When I was testing this recipe, I had slightly smaller peppers that didn’t sit nicely on top of my gas stove grates. This meant that I had to baby sit them, turning them constantly, as they sort of dropped through the grates and sat down on the heat diffuser. What this meant for the charring process was that they both took longer to char overall, but also took longer to char in individual spots as I tried to find places where the heat was directly hitting them. The peppers felt fairly firm when I took them off of the heat and put them in the bowl, but I didn’t think much of it.
After allowing them to cool until the next day, I realised my mistake. Not cooking the peppers enough resulted in very little liquid coming out of them during resting, and after combining with the rest of the scraps, the liquid basically didn’t cover the scraps. If this happens, don’t worry! Let the peppers ferment anyway. You’ll probably get more white, slimy, yeastiness on the top of the peppers as a result, but that’s ok.
(I suppose the lesson here is to make sure you’re fully cooking your peppers while charring. If you have small peppers that don’t fit on your stove properly, you might want to use the oven method.)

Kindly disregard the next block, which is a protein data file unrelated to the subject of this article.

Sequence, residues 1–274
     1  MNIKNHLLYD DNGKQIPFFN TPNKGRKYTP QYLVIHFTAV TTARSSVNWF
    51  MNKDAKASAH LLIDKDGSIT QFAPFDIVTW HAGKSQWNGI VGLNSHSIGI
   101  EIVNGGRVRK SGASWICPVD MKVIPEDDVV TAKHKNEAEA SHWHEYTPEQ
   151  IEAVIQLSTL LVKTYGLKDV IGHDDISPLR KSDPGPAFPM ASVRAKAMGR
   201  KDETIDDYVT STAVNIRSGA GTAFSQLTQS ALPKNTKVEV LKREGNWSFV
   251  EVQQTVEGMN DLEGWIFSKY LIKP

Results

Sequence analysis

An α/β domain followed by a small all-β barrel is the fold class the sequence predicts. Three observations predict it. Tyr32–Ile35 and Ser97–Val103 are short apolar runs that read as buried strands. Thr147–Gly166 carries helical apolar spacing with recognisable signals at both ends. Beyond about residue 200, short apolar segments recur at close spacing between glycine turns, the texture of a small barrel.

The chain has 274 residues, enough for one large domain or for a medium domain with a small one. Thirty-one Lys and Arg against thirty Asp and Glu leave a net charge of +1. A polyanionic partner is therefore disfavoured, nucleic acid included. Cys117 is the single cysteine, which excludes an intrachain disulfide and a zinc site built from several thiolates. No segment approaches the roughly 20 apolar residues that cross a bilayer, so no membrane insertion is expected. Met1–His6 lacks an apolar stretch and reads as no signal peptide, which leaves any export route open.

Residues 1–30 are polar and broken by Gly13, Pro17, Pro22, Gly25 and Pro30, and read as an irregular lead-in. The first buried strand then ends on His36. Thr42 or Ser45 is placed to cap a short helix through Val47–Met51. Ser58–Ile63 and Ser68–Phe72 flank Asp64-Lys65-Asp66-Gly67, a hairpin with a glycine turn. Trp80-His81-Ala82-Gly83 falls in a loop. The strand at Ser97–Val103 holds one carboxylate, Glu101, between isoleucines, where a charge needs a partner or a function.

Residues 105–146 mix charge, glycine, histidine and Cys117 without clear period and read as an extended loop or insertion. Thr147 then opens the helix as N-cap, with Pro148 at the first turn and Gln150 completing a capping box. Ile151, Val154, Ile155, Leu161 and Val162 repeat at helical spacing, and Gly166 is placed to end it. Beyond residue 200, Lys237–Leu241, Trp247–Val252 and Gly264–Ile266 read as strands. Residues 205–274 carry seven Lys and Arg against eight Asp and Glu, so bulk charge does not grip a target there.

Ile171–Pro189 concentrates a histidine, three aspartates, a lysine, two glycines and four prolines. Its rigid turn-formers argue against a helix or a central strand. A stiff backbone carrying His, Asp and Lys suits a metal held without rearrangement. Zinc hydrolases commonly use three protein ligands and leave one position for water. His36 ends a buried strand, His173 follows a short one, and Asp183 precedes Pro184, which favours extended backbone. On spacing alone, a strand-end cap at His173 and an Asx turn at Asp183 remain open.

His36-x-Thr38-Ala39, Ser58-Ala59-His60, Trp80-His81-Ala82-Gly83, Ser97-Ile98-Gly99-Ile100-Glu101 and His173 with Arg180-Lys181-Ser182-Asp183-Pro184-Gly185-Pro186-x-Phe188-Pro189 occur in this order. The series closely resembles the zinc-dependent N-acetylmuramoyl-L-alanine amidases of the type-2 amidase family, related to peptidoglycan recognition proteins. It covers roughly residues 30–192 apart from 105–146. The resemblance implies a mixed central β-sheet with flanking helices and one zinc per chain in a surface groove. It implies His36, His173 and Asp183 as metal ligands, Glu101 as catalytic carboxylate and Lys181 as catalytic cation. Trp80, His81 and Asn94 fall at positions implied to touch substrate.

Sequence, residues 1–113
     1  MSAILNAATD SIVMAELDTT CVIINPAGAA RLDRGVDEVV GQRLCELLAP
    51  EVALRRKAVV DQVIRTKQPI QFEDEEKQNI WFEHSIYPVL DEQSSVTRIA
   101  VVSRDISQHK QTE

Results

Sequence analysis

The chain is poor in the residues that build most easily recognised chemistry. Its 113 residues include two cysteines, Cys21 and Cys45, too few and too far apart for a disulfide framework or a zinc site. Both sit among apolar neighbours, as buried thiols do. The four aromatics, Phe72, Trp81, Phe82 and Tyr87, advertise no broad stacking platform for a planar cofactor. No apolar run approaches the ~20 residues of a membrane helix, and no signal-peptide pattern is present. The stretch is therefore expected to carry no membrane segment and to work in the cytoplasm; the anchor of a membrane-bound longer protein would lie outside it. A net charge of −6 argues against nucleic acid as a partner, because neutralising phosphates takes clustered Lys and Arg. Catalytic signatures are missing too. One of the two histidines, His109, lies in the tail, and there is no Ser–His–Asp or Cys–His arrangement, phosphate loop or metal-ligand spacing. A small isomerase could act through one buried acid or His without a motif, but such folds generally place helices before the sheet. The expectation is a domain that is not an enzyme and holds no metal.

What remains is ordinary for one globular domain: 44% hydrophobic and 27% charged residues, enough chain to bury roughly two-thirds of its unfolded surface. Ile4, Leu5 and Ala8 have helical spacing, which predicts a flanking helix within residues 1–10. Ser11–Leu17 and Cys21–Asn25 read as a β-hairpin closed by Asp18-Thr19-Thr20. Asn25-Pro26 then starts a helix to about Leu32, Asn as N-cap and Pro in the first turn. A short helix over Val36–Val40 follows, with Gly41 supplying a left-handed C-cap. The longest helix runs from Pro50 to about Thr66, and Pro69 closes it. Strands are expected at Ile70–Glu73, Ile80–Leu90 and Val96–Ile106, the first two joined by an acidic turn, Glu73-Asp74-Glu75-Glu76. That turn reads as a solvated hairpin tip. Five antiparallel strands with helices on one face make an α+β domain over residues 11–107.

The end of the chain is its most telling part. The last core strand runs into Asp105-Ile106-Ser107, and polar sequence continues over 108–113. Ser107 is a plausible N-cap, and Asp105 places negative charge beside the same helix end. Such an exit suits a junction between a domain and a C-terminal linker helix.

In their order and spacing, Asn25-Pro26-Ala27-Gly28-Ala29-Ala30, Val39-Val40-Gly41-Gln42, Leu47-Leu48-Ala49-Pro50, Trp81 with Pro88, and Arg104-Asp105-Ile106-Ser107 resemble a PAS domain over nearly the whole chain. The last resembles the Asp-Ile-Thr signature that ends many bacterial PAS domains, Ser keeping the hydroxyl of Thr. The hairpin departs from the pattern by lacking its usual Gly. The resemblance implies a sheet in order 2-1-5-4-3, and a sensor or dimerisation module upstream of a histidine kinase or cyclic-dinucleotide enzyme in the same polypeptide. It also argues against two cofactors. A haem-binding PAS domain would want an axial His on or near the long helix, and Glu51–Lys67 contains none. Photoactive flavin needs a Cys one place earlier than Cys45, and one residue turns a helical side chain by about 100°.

After a week, I could smell that the peppers had fermented, and what small amount of liquid that I could capture tasted good. But there wasn’t enough liquid to really bother straining it out and using it as is. I decided to take the recipe in a bit of a different direction, and I think the results were interesting and delicious.
Recipe: Lacto-fermented red pepper reduction
- Red peppers
Follow the instructions above for making lacto-fermented red pepper juice.
Once complete, you can strain off the liquid, and you’ll be in roughly the same position I was when I didn’t get much liquid out of my lacto pepper ferment.
Add the strained pepper ferment to a blender, and add roughly an equal amount of water. You don’t have to be exact with this, because we’re going to be reducing the liquid down.
Blend on medium speed until broken down, then strain through cloth and a fine mesh strainer.
Once you’ve strained the liquid, put it in a heavy bottomed pot and place over medium heat until it comes to a boil. Reduce heat to maintain a simmer, and let reduce for about half an hour, until the liquid is thick and syrupy.
Keep in the fridge.
This lacto-pepper reduction is a lot sweeter and more intense than the lacto pepper juice. More of a glaze ingredient than a dressing ingredient.
I suspect it would hit some of the same flavor notes as Noma’s pepper tamari, though you’d probably need to adjust the salt content, and you wouldn’t have as much of the crazy umami from the miso.
I mixed some of the batch I made with equal amounts of peaso tamari reduction and brushed it on some tofu that I had dredged in corn flour and pan fried. The sweet-sourness of the reduction melded nicely with the umami from the peaso tamari, and the result didn’t feel out of place on a rice bowl with mostly Japanese flavors.